Preparation of materials

Modeling wax was prepared by mixing 65 grams of paraffin with 30 grams of beeswax. The modeling wax was prepared by melting the ingredients together under continuous stirringat 45°C in the water bath, after that 20%of recycled polymethylmethacrylate added slowly to mixture at 45° C and rapid mixing together until obtaining a homogenous mixture.Then, the mixture was poured into the moulds and stored at room temperature for 24 hours prior to testing. The mixture was poured into acylindrical metal mould for hardness specimens (6 mm thickand 10 mm)diameter20. Five specimens were made from each composition for each test. Commercial modelingwax(major Parodotti, Italy) was used as a control group.

Fourier transform infrared spectroscopy (FTIR)

To determine the chemical change in the sample,the modelling wax and mixture with additivewas detected by (FTIR)to determine if there is any chemical change occurs as show in (Figure1,2,3), the measurements were done by using the Alfa Bruker instrument. Mosul University, College of Dentistry.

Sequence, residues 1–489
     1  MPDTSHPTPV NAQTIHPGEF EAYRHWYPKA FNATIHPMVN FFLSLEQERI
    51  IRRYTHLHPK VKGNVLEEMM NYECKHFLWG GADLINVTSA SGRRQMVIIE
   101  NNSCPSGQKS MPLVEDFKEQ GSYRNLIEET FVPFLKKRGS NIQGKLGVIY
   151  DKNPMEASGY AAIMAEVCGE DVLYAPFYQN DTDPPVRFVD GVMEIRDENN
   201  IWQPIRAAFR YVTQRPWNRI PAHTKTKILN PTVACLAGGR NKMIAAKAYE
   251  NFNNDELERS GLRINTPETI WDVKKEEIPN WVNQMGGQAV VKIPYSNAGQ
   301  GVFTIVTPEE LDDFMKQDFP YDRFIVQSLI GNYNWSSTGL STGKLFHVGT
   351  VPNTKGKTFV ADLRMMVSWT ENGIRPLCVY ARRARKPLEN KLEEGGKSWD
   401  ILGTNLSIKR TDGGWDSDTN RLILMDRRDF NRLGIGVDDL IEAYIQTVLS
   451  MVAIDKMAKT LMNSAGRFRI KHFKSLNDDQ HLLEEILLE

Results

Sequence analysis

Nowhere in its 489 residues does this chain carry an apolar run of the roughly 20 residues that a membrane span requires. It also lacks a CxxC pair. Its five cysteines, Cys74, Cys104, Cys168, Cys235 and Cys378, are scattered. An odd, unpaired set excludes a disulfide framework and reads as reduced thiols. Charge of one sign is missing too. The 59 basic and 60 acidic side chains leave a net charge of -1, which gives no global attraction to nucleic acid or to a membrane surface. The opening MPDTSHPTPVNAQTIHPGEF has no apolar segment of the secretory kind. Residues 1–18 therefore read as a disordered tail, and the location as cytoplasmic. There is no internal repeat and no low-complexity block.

Determine the melting point of modeling wax with additive

The melting point was measured byusing the Electro-thermal melting point apparatus (CE, VWR, International). The capillary tube was filled as follows: about 0.1 gm of wax is inserted through the opened end of capillary tube with gentle tapping of the capillary tube until the material reaches the closed end of the capillary tube. The procedure was repeated until the length of lightly packed material is 3-5 mm. The filled capillary tube is placed inside the Electrothemal melting point apparatus, until the wax starts to melt, the conclusion of this test is shown in (Table1).

Flow Test Determination